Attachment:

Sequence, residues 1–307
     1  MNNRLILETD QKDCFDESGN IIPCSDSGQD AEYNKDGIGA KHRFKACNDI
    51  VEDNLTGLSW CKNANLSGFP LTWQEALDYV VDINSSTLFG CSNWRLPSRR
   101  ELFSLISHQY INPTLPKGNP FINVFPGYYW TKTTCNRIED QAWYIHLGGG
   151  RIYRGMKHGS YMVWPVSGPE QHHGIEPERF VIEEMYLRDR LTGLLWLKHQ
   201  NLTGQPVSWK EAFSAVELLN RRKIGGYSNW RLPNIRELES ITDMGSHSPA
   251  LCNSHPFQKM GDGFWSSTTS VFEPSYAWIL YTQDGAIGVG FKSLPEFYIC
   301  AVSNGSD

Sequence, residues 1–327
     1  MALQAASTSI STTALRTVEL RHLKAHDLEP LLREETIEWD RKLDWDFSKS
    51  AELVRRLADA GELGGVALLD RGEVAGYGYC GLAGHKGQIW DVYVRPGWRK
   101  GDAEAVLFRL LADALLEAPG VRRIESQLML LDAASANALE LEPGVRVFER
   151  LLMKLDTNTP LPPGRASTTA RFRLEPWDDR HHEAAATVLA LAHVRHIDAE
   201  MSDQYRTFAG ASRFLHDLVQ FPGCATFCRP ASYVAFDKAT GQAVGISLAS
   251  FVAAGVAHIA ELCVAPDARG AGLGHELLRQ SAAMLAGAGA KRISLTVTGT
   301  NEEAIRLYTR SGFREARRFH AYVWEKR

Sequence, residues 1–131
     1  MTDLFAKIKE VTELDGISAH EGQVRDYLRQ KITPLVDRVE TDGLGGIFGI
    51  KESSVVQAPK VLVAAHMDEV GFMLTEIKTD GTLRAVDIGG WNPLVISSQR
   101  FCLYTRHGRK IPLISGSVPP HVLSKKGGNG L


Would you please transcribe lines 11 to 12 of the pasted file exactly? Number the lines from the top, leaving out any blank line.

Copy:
    51  AELVRRLADA GELGGVALLD RGEVAGYGYC GLAGHKGQIW DVYVRPGWRK
   101  GDAEAVLFRL LADALLEAPG VRRIESQLML LDAASANALE LEPGVRVFER